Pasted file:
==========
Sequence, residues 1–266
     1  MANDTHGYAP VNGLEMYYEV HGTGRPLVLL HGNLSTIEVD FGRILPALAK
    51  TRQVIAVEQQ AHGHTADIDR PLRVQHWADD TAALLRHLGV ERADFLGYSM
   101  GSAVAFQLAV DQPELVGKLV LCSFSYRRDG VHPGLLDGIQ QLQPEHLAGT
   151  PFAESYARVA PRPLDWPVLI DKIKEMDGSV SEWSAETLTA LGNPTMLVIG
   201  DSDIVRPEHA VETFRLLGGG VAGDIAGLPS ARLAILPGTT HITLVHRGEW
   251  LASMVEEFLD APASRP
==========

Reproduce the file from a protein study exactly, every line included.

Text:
Sequence, residues 1–266
     1  MANDTHGYAP VNGLEMYYEV HGTGRPLVLL HGNLSTIEVD FGRILPALAK
    51  TRQVIAVEQQ AHGHTADIDR PLRVQHWADD TAALLRHLGV ERADFLGYSM
   101  GSAVAFQLAV DQPELVGKLV LCSFSYRRDG VHPGLLDGIQ QLQPEHLAGT
   151  PFAESYARVA PRPLDWPVLI DKIKEMDGSV SEWSAETLTA LGNPTMLVIG
   201  DSDIVRPEHA VETFRLLGGG VAGDIAGLPS ARLAILPGTT HITLVHRGEW
   251  LASMVEEFLD APASRP